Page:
Stress, anxiety and other forms of emotional distress can be some of the most difficult challenges on your recovery journey. Stress can trigger substance abuse, which may offer a temporary solution for unwinding but ultimately makes things worse. Mindfulness therapy can help reduce your stress levels and, in turn, your cravings for addictive substances. At Linwood House, we incorporate mindfulness therapy into our rehab programmes to help equip you with every tool you need for long-term recovery.

Mindfulness - meditation 1

What Is mindfulness?

Mindfulness is a practice that has been used for thousands of years. It’s an evidence-based relaxation and stress-release method that promotes overall wellbeing. At Linwood House, we offer mindfulness alongside other treatment options as part of our holistic recovery experience.

Mindfulness meditation involves being fully present and attentive to the moment. It helps you focus on your senses and emotions without judgement or interpretation.

How Is mindfulness therapy used in addiction treatment?

Mindfulness therapy can play an important role in recovery, helping individuals overcome addiction and prevent relapse. Addiction treatment programmes usually offer complementary treatment alongside behavioural therapies and group programming.

Addictive behaviours often occur as a response to triggers – stresses, emotions, or environmental cues that produce strong urges (cravings) to use a substance or engage in a behaviour. Mindful therapy may be able to interfere with this process, preventing triggers from leading to drug use. For example, it may:

  • Help you to cope with emotional distress so you do not turn to drugs or alcohol to escape
  • Decrease responsiveness to environmental cues and help you to control cravings
  • Help to make your reward systems function healthily so you seek rewards from other activities like eating or seeing friends
  • Prevent you from falling into negative thought patterns and projecting feelings of anxiety onto future concerns
  • Help you to overcome feelings of shame and move on from past mistakes

Mindfulness - meditation 2

Mindfulness therapy at Linwood House

At Linwood House, we offer mindfulness therapy as part of our treatment plans for alcohol and drug rehab. Your therapist will show you many different mindfulness techniques to help you focus on the present. Some involve focusing on breathing, while others concentrate on your senses and surroundings.

Our recovery programmes combine various treatment approaches to provide a holistic healing experience that treats your entire person. We aim to address the underlying causes of addiction to promote meaningful and long-lasting change.

Deep Breathing – Breathing exercises are a core tool in mindfulness practice. Deep breathing can lower your heart rate and help you to relax while helping you to focus on group work or any triggering subjects that come up in rehab sessions.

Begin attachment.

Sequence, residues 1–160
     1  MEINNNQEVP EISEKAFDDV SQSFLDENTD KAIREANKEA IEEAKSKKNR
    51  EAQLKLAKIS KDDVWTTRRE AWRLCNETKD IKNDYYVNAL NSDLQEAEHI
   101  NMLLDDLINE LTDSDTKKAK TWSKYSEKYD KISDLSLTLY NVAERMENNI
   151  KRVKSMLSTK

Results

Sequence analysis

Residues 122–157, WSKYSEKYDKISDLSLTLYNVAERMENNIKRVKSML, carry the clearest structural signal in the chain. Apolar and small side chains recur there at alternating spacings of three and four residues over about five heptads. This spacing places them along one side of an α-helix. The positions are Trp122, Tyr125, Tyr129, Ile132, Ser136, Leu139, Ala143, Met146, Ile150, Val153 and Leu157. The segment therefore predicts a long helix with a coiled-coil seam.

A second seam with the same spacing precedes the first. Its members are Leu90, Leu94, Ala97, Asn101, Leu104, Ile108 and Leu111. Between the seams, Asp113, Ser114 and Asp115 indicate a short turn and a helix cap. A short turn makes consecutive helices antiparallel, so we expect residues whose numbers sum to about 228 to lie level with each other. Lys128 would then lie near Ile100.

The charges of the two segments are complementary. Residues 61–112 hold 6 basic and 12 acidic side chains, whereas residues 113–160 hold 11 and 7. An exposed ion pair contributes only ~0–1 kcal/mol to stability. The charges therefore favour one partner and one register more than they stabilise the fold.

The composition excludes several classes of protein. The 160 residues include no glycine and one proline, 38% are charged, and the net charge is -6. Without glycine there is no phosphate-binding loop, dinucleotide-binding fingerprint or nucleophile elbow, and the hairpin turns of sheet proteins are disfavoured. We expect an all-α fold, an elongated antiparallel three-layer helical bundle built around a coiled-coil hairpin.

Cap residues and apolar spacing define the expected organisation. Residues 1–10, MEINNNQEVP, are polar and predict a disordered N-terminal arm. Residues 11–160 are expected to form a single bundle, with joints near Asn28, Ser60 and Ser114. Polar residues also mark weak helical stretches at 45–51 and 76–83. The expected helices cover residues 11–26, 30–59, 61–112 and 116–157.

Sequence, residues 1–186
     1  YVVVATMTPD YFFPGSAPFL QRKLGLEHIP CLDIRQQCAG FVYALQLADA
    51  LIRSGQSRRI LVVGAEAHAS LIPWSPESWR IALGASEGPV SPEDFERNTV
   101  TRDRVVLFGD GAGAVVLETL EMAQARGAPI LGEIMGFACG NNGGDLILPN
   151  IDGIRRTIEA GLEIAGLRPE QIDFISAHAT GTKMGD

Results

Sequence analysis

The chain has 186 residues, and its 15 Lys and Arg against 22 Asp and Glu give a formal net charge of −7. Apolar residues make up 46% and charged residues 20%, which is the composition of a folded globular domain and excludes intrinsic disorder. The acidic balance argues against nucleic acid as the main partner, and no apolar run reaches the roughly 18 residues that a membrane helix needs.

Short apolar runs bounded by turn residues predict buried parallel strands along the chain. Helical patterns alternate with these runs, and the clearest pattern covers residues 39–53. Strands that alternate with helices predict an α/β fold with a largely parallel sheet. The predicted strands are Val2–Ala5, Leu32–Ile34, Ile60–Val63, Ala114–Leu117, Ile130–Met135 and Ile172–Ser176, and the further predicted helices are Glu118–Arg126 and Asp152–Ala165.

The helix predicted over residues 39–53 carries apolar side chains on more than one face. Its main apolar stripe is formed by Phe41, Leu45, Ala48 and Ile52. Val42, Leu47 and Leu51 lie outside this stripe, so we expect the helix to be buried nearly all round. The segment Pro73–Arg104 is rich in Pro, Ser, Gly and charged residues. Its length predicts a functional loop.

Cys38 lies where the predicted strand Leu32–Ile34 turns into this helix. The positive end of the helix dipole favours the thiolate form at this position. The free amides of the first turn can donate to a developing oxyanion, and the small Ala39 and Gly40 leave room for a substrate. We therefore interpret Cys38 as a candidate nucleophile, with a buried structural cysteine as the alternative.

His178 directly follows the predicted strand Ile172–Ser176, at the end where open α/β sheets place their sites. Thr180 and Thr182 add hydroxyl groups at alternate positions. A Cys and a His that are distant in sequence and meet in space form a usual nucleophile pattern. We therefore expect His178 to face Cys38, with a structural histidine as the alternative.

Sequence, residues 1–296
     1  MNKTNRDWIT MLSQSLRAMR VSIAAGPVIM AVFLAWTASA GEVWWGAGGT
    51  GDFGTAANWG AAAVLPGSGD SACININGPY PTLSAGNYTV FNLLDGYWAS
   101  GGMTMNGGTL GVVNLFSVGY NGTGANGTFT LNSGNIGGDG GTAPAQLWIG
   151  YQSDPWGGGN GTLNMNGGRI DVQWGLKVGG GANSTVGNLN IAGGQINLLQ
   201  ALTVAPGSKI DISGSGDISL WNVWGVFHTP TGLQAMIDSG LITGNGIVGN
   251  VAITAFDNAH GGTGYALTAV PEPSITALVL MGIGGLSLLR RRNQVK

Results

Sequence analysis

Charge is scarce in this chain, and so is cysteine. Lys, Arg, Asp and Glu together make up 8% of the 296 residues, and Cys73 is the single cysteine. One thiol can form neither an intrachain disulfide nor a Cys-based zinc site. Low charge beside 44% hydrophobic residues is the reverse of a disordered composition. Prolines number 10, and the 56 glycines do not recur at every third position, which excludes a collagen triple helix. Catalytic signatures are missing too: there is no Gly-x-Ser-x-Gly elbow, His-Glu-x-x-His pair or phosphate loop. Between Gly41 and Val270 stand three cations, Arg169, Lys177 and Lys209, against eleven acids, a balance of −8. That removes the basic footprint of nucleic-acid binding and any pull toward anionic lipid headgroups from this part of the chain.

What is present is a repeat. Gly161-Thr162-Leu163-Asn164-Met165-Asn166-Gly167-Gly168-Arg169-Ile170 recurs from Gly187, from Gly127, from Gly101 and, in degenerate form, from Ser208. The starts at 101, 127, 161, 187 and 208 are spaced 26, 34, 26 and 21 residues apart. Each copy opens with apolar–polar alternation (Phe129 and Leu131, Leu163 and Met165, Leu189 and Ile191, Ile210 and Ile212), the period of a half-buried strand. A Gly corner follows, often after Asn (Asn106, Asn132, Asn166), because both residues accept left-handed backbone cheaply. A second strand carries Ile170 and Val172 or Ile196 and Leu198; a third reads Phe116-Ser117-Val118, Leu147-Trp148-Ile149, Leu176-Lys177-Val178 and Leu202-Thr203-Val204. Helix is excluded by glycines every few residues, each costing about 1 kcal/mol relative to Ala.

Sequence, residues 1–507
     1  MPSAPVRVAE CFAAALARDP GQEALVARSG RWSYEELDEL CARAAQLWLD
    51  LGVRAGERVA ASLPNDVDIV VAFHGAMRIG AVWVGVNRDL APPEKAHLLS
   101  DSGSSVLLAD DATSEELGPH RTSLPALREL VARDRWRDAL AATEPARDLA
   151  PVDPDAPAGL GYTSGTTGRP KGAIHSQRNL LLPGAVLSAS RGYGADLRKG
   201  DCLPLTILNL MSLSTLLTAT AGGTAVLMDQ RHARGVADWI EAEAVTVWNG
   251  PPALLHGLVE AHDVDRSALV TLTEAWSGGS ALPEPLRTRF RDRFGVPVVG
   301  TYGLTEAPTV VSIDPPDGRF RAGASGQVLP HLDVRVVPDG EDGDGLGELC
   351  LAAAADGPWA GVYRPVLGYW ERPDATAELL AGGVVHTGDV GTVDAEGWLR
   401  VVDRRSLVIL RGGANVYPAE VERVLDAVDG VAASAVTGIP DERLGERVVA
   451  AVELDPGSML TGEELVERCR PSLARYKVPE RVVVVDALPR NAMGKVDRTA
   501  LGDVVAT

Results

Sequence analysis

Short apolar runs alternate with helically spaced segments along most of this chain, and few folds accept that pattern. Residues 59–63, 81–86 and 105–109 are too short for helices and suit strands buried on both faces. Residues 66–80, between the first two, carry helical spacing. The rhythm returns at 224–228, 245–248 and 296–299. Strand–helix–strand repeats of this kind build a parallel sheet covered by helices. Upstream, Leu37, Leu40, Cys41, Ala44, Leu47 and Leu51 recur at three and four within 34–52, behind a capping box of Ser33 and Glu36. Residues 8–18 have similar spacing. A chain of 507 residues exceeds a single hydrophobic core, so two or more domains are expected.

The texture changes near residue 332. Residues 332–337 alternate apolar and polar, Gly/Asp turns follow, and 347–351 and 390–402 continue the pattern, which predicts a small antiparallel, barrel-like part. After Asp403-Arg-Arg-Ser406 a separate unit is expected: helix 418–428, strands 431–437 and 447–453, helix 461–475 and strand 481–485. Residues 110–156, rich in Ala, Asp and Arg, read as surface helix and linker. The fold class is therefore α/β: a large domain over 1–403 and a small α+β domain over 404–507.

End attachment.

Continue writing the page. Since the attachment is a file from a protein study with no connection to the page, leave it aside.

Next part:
Sensory Awareness – Paying attention to your five senses can help to ground you in the present moment and appreciate the world around you.

Our recovery programmes combine various treatment approaches to provide a holistic healing experience that treats your entire person. We aim to address the underlying causes of addiction to promote meaningful and long-lasting change.

Our other addiction treatment therapies include:

Letting go

In our private rehab clinic, you can fully focus on and engage in mindfulness therapy and other recovery sessions, helping you to get the most out of treatment. Many thoughts and feelings may enter your mind as you perform these exercises. You might think about stresses outside rehab or experience cravings. Mindfulness will help you recognise these thoughts and then let them go, returning your focus to the exercise. This may be difficult initially, but it will become easier as you build your mental discipline through repeated practice.

Other uses for mindfulness in rehab

Research shows that mindfulness can effectively treat conditions like anxiety or depression, helping to break the destructive cycle and promote overall well-being. Mindfulness can even offer benefits for physical conditions like chronic pain, another potential cause of drug abuse. Our minds and bodies are intrinsically and deeply connected through our central nervous system and other vital functions. Studies show that mindfulness breathing can significantly reduce self-reported pain in clinical and experiential settings, reducing the need for prescription painkillers like opioids.

Make the change today

If you or a loved one is living with addiction, we’re here to help. With our proven holistic treatment programme, you can overcome the underlying causes of addiction and achieve life-long recovery. Contact us today to make the change.

Frequently asked questions

Do I have to be somewhere quiet to practise mindfulness?
While being somewhere peaceful and calm can help you practise mindfulness, it certainly isn’t necessary. One of the great things about mindfulness is that you can do it almost anywhere. Whenever you feel cravings or stress, you can pause and focus on something like the sound and feeling of your breath or the feeling of your feet as you walk away from a potentially triggering situation.
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